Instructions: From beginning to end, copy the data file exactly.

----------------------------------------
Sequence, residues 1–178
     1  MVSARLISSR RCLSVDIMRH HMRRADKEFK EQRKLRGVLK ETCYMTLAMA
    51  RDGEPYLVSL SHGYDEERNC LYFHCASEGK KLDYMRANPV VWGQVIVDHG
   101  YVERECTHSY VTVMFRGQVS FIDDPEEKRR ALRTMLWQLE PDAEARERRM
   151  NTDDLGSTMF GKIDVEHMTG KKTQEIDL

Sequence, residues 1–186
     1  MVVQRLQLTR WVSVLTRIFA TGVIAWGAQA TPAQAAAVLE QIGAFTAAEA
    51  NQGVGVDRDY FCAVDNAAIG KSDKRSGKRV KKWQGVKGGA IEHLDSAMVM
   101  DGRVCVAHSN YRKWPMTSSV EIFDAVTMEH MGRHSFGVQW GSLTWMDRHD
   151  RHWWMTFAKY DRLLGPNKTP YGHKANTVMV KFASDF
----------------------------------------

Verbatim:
Sequence, residues 1–178
     1  MVSARLISSR RCLSVDIMRH HMRRADKEFK EQRKLRGVLK ETCYMTLAMA
    51  RDGEPYLVSL SHGYDEERNC LYFHCASEGK KLDYMRANPV VWGQVIVDHG
   101  YVERECTHSY VTVMFRGQVS FIDDPEEKRR ALRTMLWQLE PDAEARERRM
   151  NTDDLGSTMF GKIDVEHMTG KKTQEIDL

Sequence, residues 1–186
     1  MVVQRLQLTR WVSVLTRIFA TGVIAWGAQA TPAQAAAVLE QIGAFTAAEA
    51  NQGVGVDRDY FCAVDNAAIG KSDKRSGKRV KKWQGVKGGA IEHLDSAMVM
   101  DGRVCVAHSN YRKWPMTSSV EIFDAVTMEH MGRHSFGVQW GSLTWMDRHD
   151  RHWWMTFAKY DRLLGPNKTP YGHKANTVMV KFASDF